Olive oil should be in everyone’s kitchen, not only for its unique flavor but for its many health benefits. Its famous spicy taste with a soft, rich texture make it a common ingredient in heart-healthy diets. Most supermarkets carry a wide variety from California, Italy, and Spain and specialty retailers can carry more unique bottles like Canaan from Palestine or oil from millenary trees. However, despite its benefits, cooking with olive oil is not a good move.
Olive Oil and Heat
All oils oxidize or break down as we expose them to air, sunlight or heat from the stove. Certain oils like corn or safflower break down quickly when we cook with them, while others do this at a slower rate. Coconut oil is popular because it breaks down at a slower rate and it’s an easy choice for a saute or stir-fry. Olive oil also oxidizes rather quickly thanks to its special, monounsaturated fat.
Monounsaturated fat is one of the best for bodies and immune systems. It helps fight cancer, build insulin resistance and burn calories. However, it has a low smoke point because it isn’t stable once heated.
Many home chefs have had the experience of heating a few tablespoons of olive oil and then watching the kitchen fill with smoke. While many chefs ignore it and continue cooking, this is a sign that the chef has ruined the oil and added free radicals to the meal. The color often darkens, just like burned food, and the taste is anything but palatable.
Changes in Taste
Food scientist and writer Harold McGee devoted years of his life to understanding the chemical structure of food and olive oil is a topic he has studied for years. While McGee is an olive oil love, but he’s a big critic of the oil. He knows a full, olive flavor is the true test of a good oil and that many a bad oil is hidden inside expensive, ornate bottles.
In November of 2010, McGee spoke with WNYC Radio about what he how he judges olive oils. He talked about mild and peppery oils and how flavor reflects the quality and the level of anti-inflammatories in each bottle.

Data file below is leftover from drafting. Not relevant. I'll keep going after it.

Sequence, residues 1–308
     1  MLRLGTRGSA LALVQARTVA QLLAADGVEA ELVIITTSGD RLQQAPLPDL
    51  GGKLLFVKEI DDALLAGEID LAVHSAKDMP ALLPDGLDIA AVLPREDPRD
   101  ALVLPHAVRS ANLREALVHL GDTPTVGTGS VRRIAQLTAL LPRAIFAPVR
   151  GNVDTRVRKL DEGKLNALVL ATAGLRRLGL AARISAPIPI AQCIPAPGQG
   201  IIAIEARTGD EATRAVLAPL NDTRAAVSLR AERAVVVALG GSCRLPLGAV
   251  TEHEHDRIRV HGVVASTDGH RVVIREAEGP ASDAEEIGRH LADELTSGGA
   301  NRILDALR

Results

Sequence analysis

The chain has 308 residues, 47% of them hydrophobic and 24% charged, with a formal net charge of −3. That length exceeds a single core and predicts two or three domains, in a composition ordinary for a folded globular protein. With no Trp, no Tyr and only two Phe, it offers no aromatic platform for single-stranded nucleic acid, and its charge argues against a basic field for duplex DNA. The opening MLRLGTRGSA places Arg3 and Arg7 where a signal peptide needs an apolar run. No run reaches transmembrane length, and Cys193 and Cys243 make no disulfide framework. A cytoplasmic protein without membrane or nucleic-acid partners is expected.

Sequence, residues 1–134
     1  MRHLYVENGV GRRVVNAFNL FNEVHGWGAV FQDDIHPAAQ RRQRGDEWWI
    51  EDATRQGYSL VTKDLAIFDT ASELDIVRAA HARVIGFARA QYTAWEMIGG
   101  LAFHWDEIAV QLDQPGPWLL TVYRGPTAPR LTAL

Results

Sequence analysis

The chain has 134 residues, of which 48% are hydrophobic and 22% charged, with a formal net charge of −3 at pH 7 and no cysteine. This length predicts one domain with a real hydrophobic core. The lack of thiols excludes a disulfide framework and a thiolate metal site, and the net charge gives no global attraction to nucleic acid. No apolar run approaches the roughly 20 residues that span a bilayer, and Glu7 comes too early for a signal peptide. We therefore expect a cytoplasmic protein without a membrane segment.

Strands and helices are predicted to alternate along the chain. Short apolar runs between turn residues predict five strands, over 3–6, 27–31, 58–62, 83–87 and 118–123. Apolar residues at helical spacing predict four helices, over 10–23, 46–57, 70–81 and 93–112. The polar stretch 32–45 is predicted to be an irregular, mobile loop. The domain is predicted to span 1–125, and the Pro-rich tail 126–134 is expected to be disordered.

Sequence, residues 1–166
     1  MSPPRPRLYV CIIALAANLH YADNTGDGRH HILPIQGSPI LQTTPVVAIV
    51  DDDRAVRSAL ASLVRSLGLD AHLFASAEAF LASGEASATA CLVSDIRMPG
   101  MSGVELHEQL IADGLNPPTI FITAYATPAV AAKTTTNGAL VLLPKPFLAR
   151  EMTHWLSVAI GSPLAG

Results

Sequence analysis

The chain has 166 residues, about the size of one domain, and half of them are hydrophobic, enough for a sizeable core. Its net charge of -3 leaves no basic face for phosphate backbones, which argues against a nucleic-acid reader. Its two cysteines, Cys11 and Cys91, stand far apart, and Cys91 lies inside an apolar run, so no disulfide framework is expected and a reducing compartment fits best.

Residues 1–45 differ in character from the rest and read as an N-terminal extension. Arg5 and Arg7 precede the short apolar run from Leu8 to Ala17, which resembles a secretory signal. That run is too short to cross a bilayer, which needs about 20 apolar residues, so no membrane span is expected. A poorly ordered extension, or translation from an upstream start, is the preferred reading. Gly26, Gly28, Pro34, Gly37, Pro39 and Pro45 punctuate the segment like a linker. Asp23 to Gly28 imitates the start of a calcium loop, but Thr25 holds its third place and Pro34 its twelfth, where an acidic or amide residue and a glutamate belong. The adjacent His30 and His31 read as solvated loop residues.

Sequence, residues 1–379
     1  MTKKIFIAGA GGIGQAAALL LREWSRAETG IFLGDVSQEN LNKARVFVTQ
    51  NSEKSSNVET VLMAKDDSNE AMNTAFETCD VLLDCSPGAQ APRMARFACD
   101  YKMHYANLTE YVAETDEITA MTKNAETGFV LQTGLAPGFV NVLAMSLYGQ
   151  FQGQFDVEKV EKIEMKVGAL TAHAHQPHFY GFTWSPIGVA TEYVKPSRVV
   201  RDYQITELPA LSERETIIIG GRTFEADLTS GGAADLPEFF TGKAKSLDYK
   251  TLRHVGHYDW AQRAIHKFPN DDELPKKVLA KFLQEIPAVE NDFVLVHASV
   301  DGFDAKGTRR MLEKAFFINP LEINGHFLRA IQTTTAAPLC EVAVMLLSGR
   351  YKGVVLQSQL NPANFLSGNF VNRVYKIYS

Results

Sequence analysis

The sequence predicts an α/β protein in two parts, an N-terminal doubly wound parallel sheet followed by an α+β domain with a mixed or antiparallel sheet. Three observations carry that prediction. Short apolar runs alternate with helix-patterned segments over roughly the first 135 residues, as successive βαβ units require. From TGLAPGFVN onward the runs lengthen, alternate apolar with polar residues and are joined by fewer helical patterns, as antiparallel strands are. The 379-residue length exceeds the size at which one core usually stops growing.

That peppery flavor and all those helpful anti-inflammatory properties disappear once that oil heats to a degree above 360 degrees. In a supplementary article about olive oil that McGee wrote for the New York Times in the same month, he said, “after I’d heated them, none of the olive oils had much olive flavor left.”
Get the Most out of Your Olive Oil
What’s a chef to do? Think of that expensive, lovely oil as a dressing or finishing touch as opposed to a cooking oil.
When it’s time to fry or saute, the better choices are avocado oil or coconut oil. Both are much more stable and have a higher smoke point. Avocado smokes at 520 degrees Fahrenheit and coconut oil gets too smoky at 350 degrees Fahrenheit. Macadamia nut oil is another option for a high-smoke-point oil that’s good for cooking.
When using fresh olive oils, try a traditional, millenary oil from Spain to really celebrate the taste and tradition of the old olive groves. If possible, find a place that will let you taste the oil before you buy it so you know exactly what flavors you’re getting. Farmer’s markets, especially in California, are perfect places to try olive oils before buying. However, if you’re not near the grower it can be tough. Places, where you can taste oils before you buy, are becoming more common with chains like Vom Fass popping up in malls.
In summary, use your olive oil fresh. Don’t cook with it. Instead, drizzle it generously over your vegetables or on top of a green salad along with your favorite vinegar. This will let the sunny, natural flavor of the oil sing and help your body reap the benefits of this superfood.
Do you have a favorite olive oil? Do you have any advice on finding a great extra virgin olive oil or have another high-smoke point oil recommendation?Please share and comment below.